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Lectures 2020 | THE ARTS SOCIETY WEYBRIDGE

Programme of Lectures
2020
These talks take place at Whiteley Village Hall at 10.30am

Wed 8th January 2020

At the sign of the falcon: The life and works of Harry Murphy - goldsmith, silversmith and unique Englishman

John Benjamin

There will be Drinks for new members, past committee and helpers after this lecture
H G Murphy’s greatest misfortune was to die just before the start of the Second World War. The designs and inspirations of the pre-war era were simply seen as passé and totally out of keeping with the new spirit of modernism which quickly grew after the Festival of Britain in 1951. Harry Murphy served his apprenticeship under Henry Wilson, probably Britain’s greatest designer goldsmith of the Arts and Crafts era. Here he learnt a wide range of skills and techniques including enamelling, gem-setting and polishing, niello, engraving and hammering. From 1928 until his death in 1939 he worked from retail premises in Marylebone, London, known as the Falcon Studio where he designed and created a prodigious amount of silverware for the corporate, civic and private sectors as well as some truly startling gold, silver and enamel jewellery inspired by nature, architecture, the Ballet Russes and the vibrancy of the Jazz Age.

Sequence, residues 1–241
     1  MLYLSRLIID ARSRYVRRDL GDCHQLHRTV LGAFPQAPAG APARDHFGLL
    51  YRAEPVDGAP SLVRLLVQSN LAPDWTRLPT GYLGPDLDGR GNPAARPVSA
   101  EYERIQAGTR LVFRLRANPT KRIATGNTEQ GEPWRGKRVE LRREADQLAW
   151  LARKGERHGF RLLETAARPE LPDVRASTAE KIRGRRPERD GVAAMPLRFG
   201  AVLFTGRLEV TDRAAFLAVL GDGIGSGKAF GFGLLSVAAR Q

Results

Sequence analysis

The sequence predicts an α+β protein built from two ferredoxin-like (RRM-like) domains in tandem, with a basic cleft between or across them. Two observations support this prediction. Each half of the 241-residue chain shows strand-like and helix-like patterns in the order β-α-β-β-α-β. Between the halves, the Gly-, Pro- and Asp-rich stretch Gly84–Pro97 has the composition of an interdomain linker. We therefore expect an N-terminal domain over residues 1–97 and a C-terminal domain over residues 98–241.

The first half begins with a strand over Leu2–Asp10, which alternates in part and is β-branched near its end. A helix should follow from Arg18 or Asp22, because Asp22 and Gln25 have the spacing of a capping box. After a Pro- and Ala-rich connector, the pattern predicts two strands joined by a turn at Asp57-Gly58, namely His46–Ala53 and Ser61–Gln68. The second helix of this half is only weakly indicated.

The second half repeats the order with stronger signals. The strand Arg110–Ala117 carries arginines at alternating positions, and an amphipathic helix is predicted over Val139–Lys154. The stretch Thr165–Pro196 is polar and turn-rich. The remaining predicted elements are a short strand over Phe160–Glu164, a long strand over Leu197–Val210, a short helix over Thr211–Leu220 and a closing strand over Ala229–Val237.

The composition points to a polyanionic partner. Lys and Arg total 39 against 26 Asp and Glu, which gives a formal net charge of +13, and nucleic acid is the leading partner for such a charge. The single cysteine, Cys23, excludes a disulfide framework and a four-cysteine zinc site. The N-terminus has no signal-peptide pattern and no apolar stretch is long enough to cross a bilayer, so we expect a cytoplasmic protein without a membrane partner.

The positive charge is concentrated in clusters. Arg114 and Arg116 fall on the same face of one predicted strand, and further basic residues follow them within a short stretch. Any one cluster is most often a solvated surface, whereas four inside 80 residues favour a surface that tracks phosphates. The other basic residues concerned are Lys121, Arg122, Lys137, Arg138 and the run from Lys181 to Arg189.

John Benjamin has lectured to us several times before, getting stellar ratings from our committee each time.
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John Benjamin was with Phillips Auctioneers for 23 years, latterly as International Director of Jewellery. Since 1999 has been an independent jewellery consultant. Lectures, writes and broadcasts (including BBC Antiques Roadshow).


Image of: John Benjamin
Wed 12th February 2020

"The Italian Job": A contemporary figurative artist in Calabria

Richard Whincop